The yarn must flow through the holes in the mesh canvas easily; otherwise, it will wear out your fingers and the yarn, not to mention your patience. There are different sizes of mesh, so you can adjust the yarn weight and surface texture accordingly.
The yarn must be thin enough to thread on a tapestry or yarn needle. I’ve done some makeshift “needles” to accommodate thicker yarns—bobby pins and even a turkey lacer.
Choose yarns that don’t kink or have a predisposition for knotting. Yarns that fray easily when cut into short lengths can also be challenging.
Yarns with some variation in gauge (thick and thin) are fine, but extreme variations in gauge might lead to the canvas showing through the work.
Perry, Linda M. Back to Bargello: A Collection of Colorful Techniques and Patterns. Self-published, 2014, 23. Available at Harbor Yarns.
Download this pattern as a PDF here: Bargello Spindle Bag
Fiber 100% Merino wool, 2 oz (57 g).
Yarn 2-ply; 75 yd MC; 1,000 ypp; 12 wpi; worsted weight; handspun by Kelly McKenzie of Cedar Valley Fibers. Maine Line DK 3/8 (100% wool; 1,490 yd/lb; Jagger Spun; worsted spun), 75 yd CC, Navy.
Notions 11" x 14" piece of cotton mesh canvas #12; 12" x 24" piece of cotton velveteen (other fabric with a firm weave can be used, such as Ultrasuede, corduroy, etc.); 14" zipper, color to match fabric; 1½ yd sturdy ¼" cording; cord stopper to fit cord; tapestry needle (round blunt end, elongated eye), size 22; small scissors; straight pins; zipper foot (optional); sewing needle and thread.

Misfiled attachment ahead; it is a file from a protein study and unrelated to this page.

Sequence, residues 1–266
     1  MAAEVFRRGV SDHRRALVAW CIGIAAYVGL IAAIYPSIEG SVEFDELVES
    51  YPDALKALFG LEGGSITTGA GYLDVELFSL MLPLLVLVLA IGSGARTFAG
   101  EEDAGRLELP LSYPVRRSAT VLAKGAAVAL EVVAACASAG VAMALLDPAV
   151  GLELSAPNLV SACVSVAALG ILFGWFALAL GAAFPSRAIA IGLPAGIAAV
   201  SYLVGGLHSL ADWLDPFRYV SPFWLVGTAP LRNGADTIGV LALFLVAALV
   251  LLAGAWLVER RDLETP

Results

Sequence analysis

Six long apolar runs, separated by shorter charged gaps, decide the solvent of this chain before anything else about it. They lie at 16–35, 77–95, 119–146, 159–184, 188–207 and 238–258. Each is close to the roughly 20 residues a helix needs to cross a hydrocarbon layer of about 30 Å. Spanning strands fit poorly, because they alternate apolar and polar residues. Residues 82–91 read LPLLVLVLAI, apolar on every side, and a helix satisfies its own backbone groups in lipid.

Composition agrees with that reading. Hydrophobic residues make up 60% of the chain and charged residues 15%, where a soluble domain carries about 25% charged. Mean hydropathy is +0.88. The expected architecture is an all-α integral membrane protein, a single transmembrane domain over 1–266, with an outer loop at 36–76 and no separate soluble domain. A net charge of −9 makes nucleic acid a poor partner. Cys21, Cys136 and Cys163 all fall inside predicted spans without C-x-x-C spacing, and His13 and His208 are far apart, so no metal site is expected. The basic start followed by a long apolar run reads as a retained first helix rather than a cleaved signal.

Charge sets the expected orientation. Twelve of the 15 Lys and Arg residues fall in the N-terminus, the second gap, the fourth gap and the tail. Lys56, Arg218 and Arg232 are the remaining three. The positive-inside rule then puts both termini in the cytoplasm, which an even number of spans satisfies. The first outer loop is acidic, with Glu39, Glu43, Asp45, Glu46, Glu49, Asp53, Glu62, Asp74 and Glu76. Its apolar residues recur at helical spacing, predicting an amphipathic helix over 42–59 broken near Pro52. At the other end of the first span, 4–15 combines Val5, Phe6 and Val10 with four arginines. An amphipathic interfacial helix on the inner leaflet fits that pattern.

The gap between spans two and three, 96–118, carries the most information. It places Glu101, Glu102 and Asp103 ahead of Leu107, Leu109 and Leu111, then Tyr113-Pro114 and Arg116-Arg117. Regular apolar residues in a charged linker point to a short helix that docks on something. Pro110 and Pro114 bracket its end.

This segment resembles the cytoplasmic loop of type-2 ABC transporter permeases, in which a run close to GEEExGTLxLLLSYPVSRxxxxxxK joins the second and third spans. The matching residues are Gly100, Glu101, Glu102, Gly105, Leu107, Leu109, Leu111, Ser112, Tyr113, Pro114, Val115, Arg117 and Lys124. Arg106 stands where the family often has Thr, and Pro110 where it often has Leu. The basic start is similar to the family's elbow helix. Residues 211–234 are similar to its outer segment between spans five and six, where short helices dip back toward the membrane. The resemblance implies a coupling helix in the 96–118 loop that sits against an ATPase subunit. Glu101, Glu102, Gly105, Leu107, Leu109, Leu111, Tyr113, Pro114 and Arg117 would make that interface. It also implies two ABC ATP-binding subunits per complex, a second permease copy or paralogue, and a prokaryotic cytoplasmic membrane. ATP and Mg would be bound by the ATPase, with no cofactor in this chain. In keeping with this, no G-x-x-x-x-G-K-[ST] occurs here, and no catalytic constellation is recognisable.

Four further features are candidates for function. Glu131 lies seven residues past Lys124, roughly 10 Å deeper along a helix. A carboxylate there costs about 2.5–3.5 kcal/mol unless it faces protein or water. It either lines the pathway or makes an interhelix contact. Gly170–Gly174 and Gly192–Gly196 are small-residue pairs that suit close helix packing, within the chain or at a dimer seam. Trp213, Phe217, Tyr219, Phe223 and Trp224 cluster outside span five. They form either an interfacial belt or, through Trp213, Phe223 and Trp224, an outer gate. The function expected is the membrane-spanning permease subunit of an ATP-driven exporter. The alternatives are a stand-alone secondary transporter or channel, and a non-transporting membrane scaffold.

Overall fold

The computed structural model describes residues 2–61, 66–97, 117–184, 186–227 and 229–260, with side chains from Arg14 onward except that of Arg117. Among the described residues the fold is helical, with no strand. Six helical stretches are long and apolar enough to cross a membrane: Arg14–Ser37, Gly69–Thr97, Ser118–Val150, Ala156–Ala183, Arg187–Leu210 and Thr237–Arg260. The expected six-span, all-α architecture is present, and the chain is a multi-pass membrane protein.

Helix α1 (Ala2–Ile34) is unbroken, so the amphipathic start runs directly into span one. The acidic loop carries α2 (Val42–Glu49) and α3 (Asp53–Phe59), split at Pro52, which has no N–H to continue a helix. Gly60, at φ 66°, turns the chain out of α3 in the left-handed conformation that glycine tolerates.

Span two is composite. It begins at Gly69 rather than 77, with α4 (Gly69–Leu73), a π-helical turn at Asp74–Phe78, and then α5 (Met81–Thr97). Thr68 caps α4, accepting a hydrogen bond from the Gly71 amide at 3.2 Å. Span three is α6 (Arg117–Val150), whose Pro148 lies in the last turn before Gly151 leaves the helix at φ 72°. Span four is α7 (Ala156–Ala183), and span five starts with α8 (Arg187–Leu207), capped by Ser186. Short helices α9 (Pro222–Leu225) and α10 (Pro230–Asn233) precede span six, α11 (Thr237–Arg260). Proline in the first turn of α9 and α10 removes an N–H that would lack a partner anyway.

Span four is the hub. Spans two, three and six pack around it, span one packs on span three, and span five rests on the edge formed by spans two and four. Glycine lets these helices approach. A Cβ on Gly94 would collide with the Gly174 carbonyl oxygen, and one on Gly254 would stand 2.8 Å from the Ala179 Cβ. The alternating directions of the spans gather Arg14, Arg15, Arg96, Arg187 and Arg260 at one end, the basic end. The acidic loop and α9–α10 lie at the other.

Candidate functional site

Finished Size 10" circumference x 21" long.
Using masking tape, tape around all sides of the cotton mesh canvas, folding the tape in half over the raw edges.
Refer to the Rounded Arches stitch chart. You will see that it is a 4:2 pattern (covers 4 holes with a 2-hole step). The first row is the foundation row. It is the most important and will take accuracy and patience! Once you have this row set, the rest will fall into place easily. Just in case, bargello stitches can be undone by picking out individual stitches with your needle.
Start approximately 1½" above the longer bottom edge and 1½" in from the right edge (the bottom right corner of the stitching area). Cut an 18–24" length of MC and thread your tapestry needle. To begin your first vertical stitch (A on the chart), insert the needle from under the canvas and bring the needle up toward you. Draw the yarn up, leaving a tail of about a 1". Press this tail against the back of the canvas in the direction of the few stitches so that the tail will be caught and secured as you stitch. Pay close attention to the chart on this first row as you work from right to left, following the chart blocks (over 4 meshes for the vertical stitch, then up (or down) 2 meshes for the step as the chart indicates).